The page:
Buffalo’s storm-ravaged streets reopened Thursday as authorities continue to search for people who died or were trapped following last week’s single blizzard that hit the area with about 40 inches of snow.
Mayor Byron Brown announced at a press conference Wednesday night that the city’s driving ban would be lifted after midnight. Commuter roads, highways and Buffalo Niagara International Airport had already reopened.
Brown touted “significant progress” in snow removal, but still cautioned residents against venturing out in their vehicles unless necessary.
Also Wednesday, Erie County Executive Mark Poloncarz confirmed 37 deaths in his jurisdiction, including 29 in the Buffalo area alone. In comparison, 23 deaths in Western New York were attributed to the January 1977 blizzard, the previous storm against which all others were measured.
By midweek, several bodies remained unidentified.
As local officials wrestled with the possibility of finding more remains as the snow began to melt, the National Guard continued to knock on doors to check on residents who lost power. At times, law enforcement relied on the officers’ personal snowmobiles and trucks to navigate the frozen city.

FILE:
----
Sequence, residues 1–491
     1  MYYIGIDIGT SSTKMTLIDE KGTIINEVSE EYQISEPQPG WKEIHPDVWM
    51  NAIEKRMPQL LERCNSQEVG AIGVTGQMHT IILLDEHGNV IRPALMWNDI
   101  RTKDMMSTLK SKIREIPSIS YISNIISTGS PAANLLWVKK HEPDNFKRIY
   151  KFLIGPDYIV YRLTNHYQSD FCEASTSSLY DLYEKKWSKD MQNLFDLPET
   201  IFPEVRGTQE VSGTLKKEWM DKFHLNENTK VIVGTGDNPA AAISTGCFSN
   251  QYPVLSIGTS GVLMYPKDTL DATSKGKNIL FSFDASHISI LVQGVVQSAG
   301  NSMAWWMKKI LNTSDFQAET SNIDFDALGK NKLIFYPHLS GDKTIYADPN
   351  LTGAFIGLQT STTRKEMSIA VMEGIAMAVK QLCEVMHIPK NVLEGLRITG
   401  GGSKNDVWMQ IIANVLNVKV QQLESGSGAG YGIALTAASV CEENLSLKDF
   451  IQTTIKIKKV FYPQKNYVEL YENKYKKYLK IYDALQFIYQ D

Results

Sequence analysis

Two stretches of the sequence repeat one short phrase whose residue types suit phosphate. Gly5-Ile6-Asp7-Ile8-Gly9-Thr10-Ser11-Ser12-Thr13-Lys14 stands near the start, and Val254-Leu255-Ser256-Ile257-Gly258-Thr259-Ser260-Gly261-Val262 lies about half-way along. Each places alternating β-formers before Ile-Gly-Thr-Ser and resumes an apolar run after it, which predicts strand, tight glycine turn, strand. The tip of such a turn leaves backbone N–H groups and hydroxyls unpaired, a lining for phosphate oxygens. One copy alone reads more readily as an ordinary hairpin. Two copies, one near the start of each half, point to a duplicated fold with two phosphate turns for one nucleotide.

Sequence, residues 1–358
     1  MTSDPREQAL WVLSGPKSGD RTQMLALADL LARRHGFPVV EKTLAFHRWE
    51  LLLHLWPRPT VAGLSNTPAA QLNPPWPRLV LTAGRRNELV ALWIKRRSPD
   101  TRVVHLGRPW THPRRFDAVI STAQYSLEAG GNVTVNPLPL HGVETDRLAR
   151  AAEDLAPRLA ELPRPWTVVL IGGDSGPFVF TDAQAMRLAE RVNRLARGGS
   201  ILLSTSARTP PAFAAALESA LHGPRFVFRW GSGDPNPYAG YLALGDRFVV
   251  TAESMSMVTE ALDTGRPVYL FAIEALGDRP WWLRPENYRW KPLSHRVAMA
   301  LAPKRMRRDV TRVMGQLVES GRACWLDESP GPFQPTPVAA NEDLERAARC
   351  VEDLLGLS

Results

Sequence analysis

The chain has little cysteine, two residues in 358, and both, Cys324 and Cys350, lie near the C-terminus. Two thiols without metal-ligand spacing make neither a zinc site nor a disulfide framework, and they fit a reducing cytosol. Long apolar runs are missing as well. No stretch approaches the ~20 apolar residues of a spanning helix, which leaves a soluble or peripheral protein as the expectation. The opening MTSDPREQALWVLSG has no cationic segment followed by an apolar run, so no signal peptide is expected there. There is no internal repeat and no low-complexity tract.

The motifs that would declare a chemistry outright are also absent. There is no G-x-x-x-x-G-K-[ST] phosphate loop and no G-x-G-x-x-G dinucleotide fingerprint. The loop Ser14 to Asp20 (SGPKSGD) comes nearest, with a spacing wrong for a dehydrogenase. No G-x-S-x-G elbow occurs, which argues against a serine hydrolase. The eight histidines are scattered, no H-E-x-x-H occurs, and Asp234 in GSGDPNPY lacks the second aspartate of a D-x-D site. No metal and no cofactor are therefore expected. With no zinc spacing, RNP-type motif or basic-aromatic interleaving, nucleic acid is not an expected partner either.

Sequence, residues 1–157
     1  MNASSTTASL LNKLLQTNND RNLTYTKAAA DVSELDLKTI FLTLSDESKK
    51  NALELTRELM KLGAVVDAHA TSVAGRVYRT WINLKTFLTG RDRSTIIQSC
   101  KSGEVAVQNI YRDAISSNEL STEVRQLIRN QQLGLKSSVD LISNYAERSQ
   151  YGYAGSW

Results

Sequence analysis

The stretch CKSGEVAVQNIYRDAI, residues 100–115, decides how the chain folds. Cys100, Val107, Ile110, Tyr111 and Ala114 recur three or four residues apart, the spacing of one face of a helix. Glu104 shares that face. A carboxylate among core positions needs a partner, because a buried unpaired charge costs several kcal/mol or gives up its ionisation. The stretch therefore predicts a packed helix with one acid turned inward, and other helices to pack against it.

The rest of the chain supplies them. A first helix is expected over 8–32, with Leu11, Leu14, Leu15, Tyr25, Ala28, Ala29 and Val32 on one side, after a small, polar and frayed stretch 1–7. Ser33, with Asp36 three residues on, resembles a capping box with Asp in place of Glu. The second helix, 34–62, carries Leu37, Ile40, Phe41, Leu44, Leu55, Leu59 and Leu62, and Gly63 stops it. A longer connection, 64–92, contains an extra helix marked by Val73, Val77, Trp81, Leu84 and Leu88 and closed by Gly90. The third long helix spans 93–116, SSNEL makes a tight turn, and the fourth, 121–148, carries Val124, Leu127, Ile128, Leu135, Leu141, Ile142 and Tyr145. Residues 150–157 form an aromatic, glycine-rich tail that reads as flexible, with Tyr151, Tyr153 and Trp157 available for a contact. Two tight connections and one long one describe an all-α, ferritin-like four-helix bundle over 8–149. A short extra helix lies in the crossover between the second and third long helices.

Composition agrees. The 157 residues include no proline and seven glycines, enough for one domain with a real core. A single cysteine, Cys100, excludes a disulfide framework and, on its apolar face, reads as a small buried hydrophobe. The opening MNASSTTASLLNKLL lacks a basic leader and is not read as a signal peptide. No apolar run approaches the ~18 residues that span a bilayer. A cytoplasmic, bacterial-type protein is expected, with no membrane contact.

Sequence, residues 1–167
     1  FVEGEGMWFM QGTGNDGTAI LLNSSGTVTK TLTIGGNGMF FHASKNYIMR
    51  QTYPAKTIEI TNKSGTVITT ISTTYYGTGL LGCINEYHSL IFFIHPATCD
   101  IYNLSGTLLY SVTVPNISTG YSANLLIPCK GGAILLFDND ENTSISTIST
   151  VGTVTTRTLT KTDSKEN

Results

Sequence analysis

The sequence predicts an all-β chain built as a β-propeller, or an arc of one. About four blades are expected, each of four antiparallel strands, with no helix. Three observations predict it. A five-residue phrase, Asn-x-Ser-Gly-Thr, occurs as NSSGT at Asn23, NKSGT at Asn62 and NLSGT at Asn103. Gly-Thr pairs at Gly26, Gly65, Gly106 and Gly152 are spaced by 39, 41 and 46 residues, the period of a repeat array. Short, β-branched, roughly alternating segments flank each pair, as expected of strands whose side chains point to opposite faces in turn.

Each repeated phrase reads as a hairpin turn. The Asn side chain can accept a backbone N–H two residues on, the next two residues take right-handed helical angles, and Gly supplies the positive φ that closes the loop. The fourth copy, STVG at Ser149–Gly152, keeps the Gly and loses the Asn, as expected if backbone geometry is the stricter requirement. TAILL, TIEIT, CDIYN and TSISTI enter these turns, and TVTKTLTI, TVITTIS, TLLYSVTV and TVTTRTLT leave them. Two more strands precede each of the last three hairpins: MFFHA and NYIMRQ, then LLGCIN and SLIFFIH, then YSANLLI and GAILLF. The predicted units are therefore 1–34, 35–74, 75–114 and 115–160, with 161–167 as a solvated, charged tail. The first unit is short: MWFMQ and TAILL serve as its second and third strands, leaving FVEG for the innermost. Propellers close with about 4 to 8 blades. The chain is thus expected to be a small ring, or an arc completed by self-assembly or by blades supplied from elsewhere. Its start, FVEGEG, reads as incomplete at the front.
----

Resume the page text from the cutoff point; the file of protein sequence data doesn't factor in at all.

As the cleanup begins, cracks have begun to appear in the united front of the local political establishment. Poloncarz called Brown’s response to the storm “embarrassing,” while Republican Erie County Sheriff John Garcia admitted the area’s preparedness “absolutely” could have been better.
Brown, however, was adamant and insisted the city “did everything they could” given the conditions.
Unfortunately, Buffalo’s hellish week may be far from over. With rain forecast at the end of the week and temperatures expected to soar up to 50 degrees Fahrenheit, the region is preparing for possible flooding as the snow melts.
Although the National Weather Service predicts only minor problems, Governor Kathy Hochul confirmed the state is ready with nearly 800,000 sandbags and more than 300 pumps and generators.
“We will continue to work closely with local partners to help communities recover,” the governor said. written on wednesday on Twitter.
“We’re working around the clock to help Western New York recover from this historic winter storm,” she added, “and we won’t stop until the job is done.”
With post wires